If you think about it, it’s actually somewhat impressive. [Ben Caudill] used some routers and a Raspberry Pi to hack the media. If that doesn’t deserve respect, nothing does.

Author- Mark White

http://hackaday.com/2015/07/14/how-to-build-a-proxyham-despite-a-cancelled-defcon-talk/

Pineapples Are Yummy

The WiFi Pineapple is a unique rogue access point. It has the capacity to use a variety of tools to trick users into connecting to it instead of other access points. It can then piggy bag its connection off of any other network connection and effectively make it self the man in the middle.

One such system is Karma. Karma listens for prob requests from your computer asking if any of its know networks are near by it and conveniently lies and says yes. The computer then connects to the pineapple by mistake and it effectively becomes the man in the middle.

Some operating system manufactures have discovered that sending open probes looking for access points is not a good idea and wont get tricked by karma anymore. To combat this the Pineapple imitates all access points in the area and those that have been probed by by other devices. It then aggressively sends out beacons saying that it is those access points which can trick some devices into connecting to it.

Along side these become requests it can also scan the network and death clients that aren’t connected to it from there current networks forcing them to connect to it instead. This can be done manually though a web interface or automatically by righting a start up script.

More info at https://www.wifipineapple.com/

Want one? https://hakshop.myshopify.com/collections/wifi-pineapple-kits/products/wifi-pineapple?variant=81044992

Dylan Vuz

Car Manufacturers need to beef up their security

Cars have been improved drastically in a short period of time to assist drivers in dozens of areas as well as add conveniences. As more functions were added electronic systems were developed to control these systems as well as run diagnostics. The system adopted by most manufactures is called CAN (Controller Area Network). Just about every car post 2008 has this installed, some cars having upward of 30+ controllers controlling everything from anti-lock braking systems to windows. The reason it was developed is that is very cheap, but has features of more advanced protocols such as ethernet. Of course with new technology comes new dangers. This network created in cars is a trusted network, meaning if you can get connected to it, you have complete access to all the CAN traffic.

CAN is operated on packets like any other network protocol, the packet is setup as such: 11 or 29 bit identifier, 4 bit data length info, max 8 bytes of data. This simple format can be decoded using CAN databases to intercept and decipher packets information, which can be helpful as it is used to diagnose car’s systems, but can also be used to send messages of your own. This is where the problem arises, being able to send your own message could be extremely dangerous. In the video above the annoyances are demonstrated, such as making the car believe it is in a crash and tightening seatbelts, honking the horn, making the fuel seem empty/full, changing the odometer speed, or making the “service soon” light turn on. It could also be used more dangerously such as making the car believe it is still, and turning on automatic parallel parking which will suddenly jerk the car at high speeds, or disabling the breaks.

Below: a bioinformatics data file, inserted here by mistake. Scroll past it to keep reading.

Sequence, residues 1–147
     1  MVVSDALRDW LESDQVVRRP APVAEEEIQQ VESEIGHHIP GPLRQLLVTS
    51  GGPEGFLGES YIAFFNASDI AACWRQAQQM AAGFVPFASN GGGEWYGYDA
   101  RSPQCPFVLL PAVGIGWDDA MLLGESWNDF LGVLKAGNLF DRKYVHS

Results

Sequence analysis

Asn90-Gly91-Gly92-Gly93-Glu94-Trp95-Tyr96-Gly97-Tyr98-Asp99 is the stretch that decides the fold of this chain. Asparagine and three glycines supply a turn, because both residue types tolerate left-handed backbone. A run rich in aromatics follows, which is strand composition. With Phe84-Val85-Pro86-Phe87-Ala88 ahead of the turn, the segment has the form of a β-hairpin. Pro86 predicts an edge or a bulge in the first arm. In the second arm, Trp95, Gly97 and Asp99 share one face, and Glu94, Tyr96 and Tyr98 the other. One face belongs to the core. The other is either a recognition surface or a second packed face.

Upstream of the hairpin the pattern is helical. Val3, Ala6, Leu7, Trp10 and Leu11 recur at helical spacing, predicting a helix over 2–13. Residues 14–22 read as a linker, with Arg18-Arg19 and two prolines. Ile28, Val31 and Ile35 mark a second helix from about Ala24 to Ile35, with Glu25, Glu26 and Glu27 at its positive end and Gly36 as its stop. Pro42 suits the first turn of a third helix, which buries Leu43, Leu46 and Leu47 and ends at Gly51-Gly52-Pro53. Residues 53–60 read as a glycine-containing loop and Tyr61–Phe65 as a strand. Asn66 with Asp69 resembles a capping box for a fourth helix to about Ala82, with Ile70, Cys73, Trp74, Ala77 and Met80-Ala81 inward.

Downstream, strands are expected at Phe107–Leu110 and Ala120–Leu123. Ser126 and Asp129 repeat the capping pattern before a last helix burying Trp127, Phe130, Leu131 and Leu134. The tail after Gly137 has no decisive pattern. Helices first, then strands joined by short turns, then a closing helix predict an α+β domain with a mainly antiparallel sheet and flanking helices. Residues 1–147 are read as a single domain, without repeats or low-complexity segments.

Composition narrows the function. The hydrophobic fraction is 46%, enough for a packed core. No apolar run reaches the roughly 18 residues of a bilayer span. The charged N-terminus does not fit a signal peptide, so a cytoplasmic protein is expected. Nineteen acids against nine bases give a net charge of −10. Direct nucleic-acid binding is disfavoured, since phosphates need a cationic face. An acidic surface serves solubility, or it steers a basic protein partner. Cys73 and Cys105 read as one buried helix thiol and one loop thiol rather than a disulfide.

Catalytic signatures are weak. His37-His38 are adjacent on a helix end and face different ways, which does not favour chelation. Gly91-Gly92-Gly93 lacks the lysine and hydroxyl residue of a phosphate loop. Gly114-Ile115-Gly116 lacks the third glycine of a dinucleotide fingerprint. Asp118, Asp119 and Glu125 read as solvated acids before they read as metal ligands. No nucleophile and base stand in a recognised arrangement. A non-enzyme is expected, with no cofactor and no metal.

The video with the speaker above was published in 2014, but just recently he has developed an open source 60$ piece of equipment that can be plugged into the CAN network and send messages.

As of right now, the risk is low as the network is strictly wired, meaning the attacker would have to be inside your car, but we should take caution with security now as the future may hold more open networks. Insurance companies currently want to implement dongles on cars to see how safe or unsafe their customers are driving, and adjusting their rates accordingly. This dongle could possibly communicate via satellite or other wireless means to tell the insurance companies of the driver’s driving style.

Another note is autonomous cars are in the near future as tesla is about to release a new car on the market capable of driving on inner state highways by itself. This raises a huge concern in security, will these cars talk to other cars? Will the CAN systems now have wireless components, if so will they be secured? The speaker has worked for Tesla and mentioned all Tesla’s firmware was created in house under surveillance by a security team, but will that be enough.

-Steven Masley

Sources: Includes a presentation on CAN, a demo of the attacks, as well as the cheap device created by the speaker.

http://www.forbes.com/sites/thomasbrewster/2015/03/25/hack-a-car-for-60-dollars/

Presentation: https://www.youtube.com/watch?v=qPIscmaIt8U

Demo: https://www.youtube.com/watch?v=oqe6S6m73Zw

http://www.huffingtonpost.com/2015/03/28/tesla-self-driving-cars_n_6961922.html